Jimmy Patronis sees ‘silver lining’ for insurance market in track Idalia took

Patronis DeSantis
Was the hurricane's track a best case scenario for Florida's most troubled economic sector?

Florida’s Chief Financial Officer knows Hurricane Idalia was bad, but argues it could have been worse.

During an interview on CNBCJimmy Patronis pointed out the “silver lining” in the storm’s path, which included a Big Bend landfall.

“So the silver lining to this, it did go through one of the least populated areas of the state,” Patronis said during his appearance “Squawk Box.”

“It was a very narrow part of the state, but it was also a very fast-moving storm. So fast-moving storms don’t have an opportunity to dump as much rain. Flooding has a different effect when the water has to go somewhere. So again, if there was a path that Idalia could take, that was the best output for at least the insurance market in Florida.”

The good news is mitigated somewhat by larger market trends, including some new companies waiting out this year’s storm season, wanting to jump into Florida’s market to absorb 300,000 Citizens Property Insurance policies.

“They’re interested in coming into the Florida market in October, November. And look, if you’re an investor, you can’t blame them,” Patronis said. “They’re going to wait and come in at the tail end or at the end of hurricane season, just less liability of your book of business.”

Patronis points to the state’s Cat Fund and $20 billion in reserves as reasons to feel confident in the long-term trajectory of the market, as well as the expanding market in the state.

“I’m optimistic simply because my phone has been ringing,” Patronis said, citing “capital that wants to come to the Florida market.”

“Four-hundred thousand people moved to the state of Florida last year alone. That’s new residents. When you’re seeing a mass exit from other states, there is a market that is growing in Florida.”

The CFO noted salutary effects from “the Special Legislative Session last year, not one but two, in order to fix those challenges on the market.”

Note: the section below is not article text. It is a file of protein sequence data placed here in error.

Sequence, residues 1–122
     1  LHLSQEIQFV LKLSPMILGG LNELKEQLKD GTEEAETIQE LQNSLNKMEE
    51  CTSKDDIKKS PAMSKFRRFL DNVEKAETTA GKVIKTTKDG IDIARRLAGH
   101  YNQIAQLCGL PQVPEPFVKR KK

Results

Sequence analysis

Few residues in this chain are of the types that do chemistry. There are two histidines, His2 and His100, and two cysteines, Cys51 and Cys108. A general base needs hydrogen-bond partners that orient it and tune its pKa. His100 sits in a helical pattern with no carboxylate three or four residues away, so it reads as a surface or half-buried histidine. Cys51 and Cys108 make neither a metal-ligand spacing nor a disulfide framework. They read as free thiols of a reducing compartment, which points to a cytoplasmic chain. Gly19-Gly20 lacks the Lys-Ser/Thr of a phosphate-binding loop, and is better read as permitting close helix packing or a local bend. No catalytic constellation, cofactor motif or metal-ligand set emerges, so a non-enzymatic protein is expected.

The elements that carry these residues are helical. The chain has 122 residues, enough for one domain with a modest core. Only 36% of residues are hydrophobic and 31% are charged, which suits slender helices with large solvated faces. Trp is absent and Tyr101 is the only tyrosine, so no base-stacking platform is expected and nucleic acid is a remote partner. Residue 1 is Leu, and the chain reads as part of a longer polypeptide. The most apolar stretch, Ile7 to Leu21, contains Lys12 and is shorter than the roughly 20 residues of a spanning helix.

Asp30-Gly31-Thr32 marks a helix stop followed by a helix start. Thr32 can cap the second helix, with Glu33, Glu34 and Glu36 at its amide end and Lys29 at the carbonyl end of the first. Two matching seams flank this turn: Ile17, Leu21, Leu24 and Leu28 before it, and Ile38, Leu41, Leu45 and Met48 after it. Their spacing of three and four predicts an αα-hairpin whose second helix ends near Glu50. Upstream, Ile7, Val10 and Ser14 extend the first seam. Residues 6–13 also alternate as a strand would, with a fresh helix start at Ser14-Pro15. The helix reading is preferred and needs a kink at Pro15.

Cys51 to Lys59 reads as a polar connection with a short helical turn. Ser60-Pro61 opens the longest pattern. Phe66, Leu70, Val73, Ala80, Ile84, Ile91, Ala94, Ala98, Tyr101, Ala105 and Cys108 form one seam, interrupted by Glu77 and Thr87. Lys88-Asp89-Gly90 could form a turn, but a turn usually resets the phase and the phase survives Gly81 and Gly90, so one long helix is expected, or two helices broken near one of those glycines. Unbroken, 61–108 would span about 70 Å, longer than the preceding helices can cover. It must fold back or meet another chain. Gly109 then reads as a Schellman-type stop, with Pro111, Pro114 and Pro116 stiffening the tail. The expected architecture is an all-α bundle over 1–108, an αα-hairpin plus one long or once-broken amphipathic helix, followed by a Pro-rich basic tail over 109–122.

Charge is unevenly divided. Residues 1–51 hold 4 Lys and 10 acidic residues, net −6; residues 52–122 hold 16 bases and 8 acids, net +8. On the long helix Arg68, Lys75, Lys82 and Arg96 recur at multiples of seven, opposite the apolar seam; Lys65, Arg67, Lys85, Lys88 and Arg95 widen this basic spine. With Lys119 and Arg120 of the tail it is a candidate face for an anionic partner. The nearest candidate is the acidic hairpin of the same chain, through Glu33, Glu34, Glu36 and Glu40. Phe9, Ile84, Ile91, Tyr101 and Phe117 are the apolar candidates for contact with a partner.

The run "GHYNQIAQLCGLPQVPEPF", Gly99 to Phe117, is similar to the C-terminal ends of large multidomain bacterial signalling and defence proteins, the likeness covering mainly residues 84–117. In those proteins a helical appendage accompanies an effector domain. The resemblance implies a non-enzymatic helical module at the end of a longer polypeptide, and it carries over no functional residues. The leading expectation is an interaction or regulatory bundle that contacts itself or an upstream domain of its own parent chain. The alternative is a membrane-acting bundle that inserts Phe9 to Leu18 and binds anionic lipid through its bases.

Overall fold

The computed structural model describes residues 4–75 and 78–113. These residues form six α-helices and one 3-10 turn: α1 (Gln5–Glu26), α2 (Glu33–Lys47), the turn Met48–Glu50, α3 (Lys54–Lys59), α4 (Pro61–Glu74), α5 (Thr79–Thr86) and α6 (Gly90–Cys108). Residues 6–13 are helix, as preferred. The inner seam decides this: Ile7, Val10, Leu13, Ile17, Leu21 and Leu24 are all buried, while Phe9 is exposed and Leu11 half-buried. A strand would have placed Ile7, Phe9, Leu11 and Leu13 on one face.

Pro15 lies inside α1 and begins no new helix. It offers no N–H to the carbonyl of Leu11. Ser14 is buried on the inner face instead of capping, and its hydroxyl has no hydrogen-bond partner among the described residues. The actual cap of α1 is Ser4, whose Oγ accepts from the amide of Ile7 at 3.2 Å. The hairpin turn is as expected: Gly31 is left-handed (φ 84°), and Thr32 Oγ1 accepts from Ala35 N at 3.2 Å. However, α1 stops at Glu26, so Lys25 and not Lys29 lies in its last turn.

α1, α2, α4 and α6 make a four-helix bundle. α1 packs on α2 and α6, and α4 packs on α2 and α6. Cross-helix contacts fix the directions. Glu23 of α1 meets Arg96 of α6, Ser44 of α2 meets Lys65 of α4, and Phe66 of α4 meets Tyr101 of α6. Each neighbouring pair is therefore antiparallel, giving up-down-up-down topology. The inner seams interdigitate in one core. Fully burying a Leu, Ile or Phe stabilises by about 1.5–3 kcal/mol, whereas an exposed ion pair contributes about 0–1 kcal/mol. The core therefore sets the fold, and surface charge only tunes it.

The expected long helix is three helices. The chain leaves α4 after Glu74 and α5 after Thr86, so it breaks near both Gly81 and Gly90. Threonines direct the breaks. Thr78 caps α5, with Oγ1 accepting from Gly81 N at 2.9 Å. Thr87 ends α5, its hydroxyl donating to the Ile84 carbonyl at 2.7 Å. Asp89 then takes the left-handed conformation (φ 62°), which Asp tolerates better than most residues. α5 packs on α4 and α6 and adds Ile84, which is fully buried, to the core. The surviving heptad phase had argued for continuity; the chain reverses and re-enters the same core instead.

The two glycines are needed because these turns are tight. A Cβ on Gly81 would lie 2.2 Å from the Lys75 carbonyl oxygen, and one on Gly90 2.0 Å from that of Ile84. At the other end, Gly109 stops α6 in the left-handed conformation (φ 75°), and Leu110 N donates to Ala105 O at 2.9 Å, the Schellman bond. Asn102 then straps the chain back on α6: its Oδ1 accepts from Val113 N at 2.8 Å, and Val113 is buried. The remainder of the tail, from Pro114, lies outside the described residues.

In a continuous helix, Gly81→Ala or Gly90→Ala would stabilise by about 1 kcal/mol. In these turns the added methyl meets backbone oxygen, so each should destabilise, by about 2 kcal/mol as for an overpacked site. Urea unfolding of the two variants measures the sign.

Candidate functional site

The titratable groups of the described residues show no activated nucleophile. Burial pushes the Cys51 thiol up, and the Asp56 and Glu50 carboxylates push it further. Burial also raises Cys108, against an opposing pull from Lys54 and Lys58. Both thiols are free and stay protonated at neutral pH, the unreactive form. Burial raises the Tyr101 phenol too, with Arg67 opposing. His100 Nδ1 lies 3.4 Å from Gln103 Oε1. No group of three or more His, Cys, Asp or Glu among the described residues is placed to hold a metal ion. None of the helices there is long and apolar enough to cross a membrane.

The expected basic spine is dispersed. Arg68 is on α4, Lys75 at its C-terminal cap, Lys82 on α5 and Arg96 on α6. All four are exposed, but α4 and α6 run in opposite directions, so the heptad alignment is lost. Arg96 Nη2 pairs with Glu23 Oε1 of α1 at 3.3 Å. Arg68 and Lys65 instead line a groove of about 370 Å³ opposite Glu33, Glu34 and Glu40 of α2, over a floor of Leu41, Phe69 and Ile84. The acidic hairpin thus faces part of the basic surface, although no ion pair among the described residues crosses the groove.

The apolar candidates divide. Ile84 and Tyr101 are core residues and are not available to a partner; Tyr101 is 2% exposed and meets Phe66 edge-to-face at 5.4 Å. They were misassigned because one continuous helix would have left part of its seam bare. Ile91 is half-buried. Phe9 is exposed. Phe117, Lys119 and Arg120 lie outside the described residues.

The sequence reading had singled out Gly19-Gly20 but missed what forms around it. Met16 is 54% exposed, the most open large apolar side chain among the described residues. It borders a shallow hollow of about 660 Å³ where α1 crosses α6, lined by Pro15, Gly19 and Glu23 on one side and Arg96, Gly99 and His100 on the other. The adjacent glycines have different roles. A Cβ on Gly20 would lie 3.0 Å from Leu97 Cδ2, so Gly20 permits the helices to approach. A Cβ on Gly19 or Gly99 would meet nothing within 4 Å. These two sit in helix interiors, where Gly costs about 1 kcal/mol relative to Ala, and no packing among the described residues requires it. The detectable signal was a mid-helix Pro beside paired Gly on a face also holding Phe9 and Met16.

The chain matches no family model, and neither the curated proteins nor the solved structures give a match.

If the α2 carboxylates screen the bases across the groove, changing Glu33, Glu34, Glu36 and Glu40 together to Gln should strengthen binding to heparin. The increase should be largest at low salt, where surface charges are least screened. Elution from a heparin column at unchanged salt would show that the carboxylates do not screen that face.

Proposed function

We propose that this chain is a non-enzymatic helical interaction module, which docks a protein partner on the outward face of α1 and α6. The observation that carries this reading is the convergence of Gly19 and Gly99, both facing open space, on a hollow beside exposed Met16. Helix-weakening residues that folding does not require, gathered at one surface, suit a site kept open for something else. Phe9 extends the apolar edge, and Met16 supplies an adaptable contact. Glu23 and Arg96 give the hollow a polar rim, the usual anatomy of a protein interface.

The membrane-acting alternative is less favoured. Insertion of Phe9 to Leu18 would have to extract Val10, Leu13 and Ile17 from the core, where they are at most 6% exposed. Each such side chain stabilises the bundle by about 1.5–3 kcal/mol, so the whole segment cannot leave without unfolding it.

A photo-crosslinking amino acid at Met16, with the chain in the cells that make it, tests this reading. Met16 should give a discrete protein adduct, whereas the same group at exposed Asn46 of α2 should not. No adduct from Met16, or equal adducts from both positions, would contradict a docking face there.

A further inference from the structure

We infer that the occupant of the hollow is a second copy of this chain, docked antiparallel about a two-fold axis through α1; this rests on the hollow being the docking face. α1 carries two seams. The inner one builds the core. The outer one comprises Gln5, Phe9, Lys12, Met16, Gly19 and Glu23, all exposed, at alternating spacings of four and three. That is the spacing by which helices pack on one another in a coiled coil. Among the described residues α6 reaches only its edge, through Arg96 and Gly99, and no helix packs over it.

The Legislature has shored up the reinsurance market and made various legislative reforms recently, as insurers have bailed from Florida.

SB 2A, passed in December, provided $1 billion from the state’s general revenue fund to bolster the reinsurance market, to stop last year’s attrition of available providers. This followed up another $2 billion allocation from a Special Session in May 2022 for essentially the same purpose.

Interestingly, Gov. Ron DeSantis has suggested the insurance reforms didn’t meet his muster.

“I’ve always wanted to do more than the Legislature wanted to do,” he said Monday.

Asked Tuesday to explain what he wanted that didn’t get done, however, the Governor said such “policy debates” needed to wait for a different time.

A.G. Gancarski

A.G. Gancarski has written for FloridaPolitics.com since 2014. He is based in Northeast Florida. He can be reached at [email protected] or on Twitter: @AGGancarski


4 comments

  • Michael K

    August 31, 2023 at 8:42 am

    The “silver lining” is the tons of cash the industry uses to line the pockets of Republican legislators so they do nothing about the insurance crisis.

    They are more concerned about being anti-woke.

    • Rick Whitaker

      August 31, 2023 at 8:46 pm

      i’m very woke, so i see through all that gop bs

  • Ocean Joe

    August 31, 2023 at 9:12 am

    If you are among those who live there and lost life, or property, or your car, or your pets, or your job there was no silver lining.

    If you have a position of public trust, use it…don’t be an idiot.

    • Rick Whitaker

      August 31, 2023 at 8:50 pm

      florida is a hell hole. i lived there in 1968, then got the hell out. i can’t think of anything nice to say about florida. the worst thing is the gop politicians florida is well stocked with

Comments are closed.


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